Move from the START to the FINISH by moving across or down to the next square. Can you find a route to make these totals?

Look carefully at the numbers. What do you notice? Can you make another square using the numbers 1 to 16, that displays the same properties?

Use the clues to find out who's who in the family, to fill in the family tree and to find out which of the family members are mathematicians and which are not.

Use your logical-thinking skills to deduce how much Dan's crisps and ice-cream cost altogether.

Start with three pairs of socks. Now mix them up so that no mismatched pair is the same as another mismatched pair. Is there more than one way to do it?

Using the statements, can you work out how many of each type of rabbit there are in these pens?

This problem is based on the story of the Pied Piper of Hamelin. Investigate the different numbers of people and rats there could have been if you know how many legs there are altogether!

There are 4 jugs which hold 9 litres, 7 litres, 4 litres and 2 litres. Find a way to pour 9 litres of drink from one jug to another until you are left with exactly 3 litres in three of the jugs.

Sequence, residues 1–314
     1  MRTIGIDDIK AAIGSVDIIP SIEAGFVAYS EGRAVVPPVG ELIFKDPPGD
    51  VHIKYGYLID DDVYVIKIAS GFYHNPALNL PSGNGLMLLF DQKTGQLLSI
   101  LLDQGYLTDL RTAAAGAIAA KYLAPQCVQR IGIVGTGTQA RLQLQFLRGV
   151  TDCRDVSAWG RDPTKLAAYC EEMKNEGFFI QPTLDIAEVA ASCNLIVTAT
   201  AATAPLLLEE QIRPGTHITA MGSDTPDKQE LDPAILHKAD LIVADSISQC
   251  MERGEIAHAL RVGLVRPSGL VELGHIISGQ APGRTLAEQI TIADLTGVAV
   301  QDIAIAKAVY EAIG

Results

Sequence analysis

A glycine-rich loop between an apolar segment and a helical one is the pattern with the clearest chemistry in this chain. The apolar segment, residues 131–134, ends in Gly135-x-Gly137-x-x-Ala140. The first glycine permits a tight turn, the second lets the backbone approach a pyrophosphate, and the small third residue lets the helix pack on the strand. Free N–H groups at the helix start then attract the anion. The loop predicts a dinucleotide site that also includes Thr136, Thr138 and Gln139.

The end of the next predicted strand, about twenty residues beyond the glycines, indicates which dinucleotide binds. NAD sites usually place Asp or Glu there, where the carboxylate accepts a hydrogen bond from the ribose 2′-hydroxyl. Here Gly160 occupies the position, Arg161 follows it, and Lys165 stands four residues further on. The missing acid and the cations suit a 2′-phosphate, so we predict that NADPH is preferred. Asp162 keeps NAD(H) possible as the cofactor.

Ten cards are put into five envelopes so that there are two cards in each envelope. The sum of the numbers inside it is written on each envelope. What numbers could be inside the envelopes?

This problem is based on a code using two different prime numbers less than 10. You'll need to multiply them together and shift the alphabet forwards by the result. Can you decipher the code?

Add the sum of the squares of four numbers between 10 and 20 to the sum of the squares of three numbers less than 6 to make the square of another, larger, number.

Using the cards 2, 4, 6, 8, +, - and =, what number statements can you make?

Kate has eight multilink cubes. She has two red ones, two yellow, two green and two blue. She wants to fit them together to make a cube so that each colour shows on each face just once.

In how many ways could Mrs Beeswax put ten coins into her three puddings so that each pudding ended up with at least two coins?